Any recommendations for a good reasonably priced reactive welding helmet. Lots for sale on Ebay from around £15 but how good are they?
|1) Optical Class (1 / X / X / X)|
This section could also be referred to as accuracy, as it rates the level of distortion the lens provides. As an example, looking through rippled water would provide a great deal of distortion, while a clear pane of glass would provide almost none. A rating of '1' would be earned if there is minimal distortion, resulting in a clear picture with crisp, accurate details.
2) Light Diffusion Class (X / 1 / X / x)
This section focuses on what many of us would see as the traditional definition of clarity: whether the image is blurry or not. While cheap glass will often feature impurities and cause extra light diffusion that will blur the image, quality glass will not, resulting in a better and clearer image. A '1' rating here would mean a clear and uniform image, with no blurring or extra light diffusion in certain areas.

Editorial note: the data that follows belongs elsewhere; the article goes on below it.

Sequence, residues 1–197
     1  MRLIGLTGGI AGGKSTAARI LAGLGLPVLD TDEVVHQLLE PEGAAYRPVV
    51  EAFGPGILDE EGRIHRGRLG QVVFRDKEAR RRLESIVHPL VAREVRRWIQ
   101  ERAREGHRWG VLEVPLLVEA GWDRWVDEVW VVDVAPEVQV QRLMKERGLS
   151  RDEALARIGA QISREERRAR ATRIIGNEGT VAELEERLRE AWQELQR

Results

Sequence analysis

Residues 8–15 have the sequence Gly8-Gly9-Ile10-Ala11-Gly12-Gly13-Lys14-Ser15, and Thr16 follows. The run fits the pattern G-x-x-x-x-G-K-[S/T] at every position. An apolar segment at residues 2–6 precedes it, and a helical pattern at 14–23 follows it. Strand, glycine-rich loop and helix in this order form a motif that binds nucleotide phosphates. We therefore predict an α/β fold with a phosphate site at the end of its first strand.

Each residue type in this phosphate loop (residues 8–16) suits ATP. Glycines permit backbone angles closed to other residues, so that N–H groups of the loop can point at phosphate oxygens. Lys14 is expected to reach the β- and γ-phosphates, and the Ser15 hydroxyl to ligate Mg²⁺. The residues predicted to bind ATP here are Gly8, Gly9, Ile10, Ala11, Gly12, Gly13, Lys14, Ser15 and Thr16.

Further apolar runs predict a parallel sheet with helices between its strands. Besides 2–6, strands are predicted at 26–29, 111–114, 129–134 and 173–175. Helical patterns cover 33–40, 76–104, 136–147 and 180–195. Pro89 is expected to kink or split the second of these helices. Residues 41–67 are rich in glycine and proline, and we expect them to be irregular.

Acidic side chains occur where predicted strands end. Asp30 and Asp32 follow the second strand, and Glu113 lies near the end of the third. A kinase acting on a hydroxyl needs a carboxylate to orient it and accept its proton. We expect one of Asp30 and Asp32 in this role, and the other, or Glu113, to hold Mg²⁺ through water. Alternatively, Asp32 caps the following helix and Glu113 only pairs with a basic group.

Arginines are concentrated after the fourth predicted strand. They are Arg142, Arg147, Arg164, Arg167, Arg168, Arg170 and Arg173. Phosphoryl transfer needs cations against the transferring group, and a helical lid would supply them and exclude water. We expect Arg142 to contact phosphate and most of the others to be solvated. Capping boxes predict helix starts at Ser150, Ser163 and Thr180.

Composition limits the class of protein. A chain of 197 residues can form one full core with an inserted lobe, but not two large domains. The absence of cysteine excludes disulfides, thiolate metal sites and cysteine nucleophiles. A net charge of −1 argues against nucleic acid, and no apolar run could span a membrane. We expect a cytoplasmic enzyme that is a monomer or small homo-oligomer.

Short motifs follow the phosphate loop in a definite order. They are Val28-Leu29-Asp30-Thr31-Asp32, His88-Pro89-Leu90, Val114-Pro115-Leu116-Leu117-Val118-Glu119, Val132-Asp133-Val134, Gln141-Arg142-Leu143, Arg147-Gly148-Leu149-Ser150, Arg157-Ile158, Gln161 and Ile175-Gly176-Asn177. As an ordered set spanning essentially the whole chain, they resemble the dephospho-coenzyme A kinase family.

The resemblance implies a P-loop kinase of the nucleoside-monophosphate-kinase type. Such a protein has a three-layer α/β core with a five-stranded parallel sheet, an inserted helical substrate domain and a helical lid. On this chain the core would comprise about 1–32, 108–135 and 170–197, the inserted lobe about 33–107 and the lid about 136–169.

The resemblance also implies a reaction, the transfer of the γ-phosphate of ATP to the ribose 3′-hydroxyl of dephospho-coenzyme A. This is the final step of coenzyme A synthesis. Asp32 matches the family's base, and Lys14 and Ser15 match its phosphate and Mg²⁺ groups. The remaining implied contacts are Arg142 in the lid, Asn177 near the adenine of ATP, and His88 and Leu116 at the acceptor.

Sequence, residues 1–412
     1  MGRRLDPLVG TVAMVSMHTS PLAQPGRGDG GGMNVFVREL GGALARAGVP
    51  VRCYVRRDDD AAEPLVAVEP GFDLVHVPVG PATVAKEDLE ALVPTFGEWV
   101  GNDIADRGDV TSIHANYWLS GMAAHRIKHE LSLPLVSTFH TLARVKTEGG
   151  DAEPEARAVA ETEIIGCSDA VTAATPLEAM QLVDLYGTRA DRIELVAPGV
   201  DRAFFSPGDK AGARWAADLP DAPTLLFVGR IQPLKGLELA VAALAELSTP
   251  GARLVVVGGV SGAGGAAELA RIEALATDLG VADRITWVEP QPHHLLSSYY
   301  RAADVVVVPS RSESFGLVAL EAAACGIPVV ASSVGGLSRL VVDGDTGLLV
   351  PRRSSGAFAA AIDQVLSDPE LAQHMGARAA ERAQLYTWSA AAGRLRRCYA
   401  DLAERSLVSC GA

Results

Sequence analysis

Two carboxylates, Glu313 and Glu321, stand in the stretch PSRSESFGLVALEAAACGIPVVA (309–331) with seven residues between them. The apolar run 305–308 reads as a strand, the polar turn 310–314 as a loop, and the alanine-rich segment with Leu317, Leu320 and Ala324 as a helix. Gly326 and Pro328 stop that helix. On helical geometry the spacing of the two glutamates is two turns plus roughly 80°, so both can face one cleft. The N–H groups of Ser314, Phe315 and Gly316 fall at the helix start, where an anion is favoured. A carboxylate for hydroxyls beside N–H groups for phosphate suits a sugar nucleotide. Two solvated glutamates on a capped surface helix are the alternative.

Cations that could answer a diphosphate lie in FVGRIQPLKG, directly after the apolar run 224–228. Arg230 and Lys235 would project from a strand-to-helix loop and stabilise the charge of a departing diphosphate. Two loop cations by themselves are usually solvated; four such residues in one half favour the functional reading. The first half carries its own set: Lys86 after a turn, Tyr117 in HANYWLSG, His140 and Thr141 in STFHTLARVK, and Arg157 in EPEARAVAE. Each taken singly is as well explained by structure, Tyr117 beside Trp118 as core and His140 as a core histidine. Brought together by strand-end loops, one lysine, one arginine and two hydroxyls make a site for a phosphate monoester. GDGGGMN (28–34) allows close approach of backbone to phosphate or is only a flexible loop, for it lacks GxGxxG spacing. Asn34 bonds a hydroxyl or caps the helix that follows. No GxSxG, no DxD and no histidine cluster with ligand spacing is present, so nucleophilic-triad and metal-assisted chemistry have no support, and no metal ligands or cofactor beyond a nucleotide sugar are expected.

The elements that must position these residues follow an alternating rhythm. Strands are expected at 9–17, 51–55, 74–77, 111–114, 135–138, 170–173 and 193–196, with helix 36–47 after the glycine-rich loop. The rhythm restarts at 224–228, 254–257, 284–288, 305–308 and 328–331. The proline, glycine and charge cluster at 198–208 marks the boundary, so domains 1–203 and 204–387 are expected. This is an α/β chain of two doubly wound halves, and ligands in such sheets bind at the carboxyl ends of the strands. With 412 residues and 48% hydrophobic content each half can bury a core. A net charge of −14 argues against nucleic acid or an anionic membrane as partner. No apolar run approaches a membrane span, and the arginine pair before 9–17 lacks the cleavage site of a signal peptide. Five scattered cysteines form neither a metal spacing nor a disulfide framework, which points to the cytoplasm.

3) Luminous Transmittance Variation Class (X / X / 1 / X)
This category is concerned with how consistently the lens' auto-darkening function works. The shade of your filter should darken uniformly across the surface of the lens, with no dark or light areas in comparison to the lens as a whole. A lens that is completely uniform with the same level of shade in all sections would garner a perfect score of '1'.
4) Luminous Transmittance Angle Dependence Class (X / X / X / 1)
The final spot in the EN 379 rating scale refers to the clarity of your filter when looking at an angle. A poor quality lens may distort the image you're looking at when you look down, up or to the side, making the image look dark, stretched, blurry or distorted. A perfect '1' quality lens would maintain a consistent shade and image quality, no matter what angle you're looking from.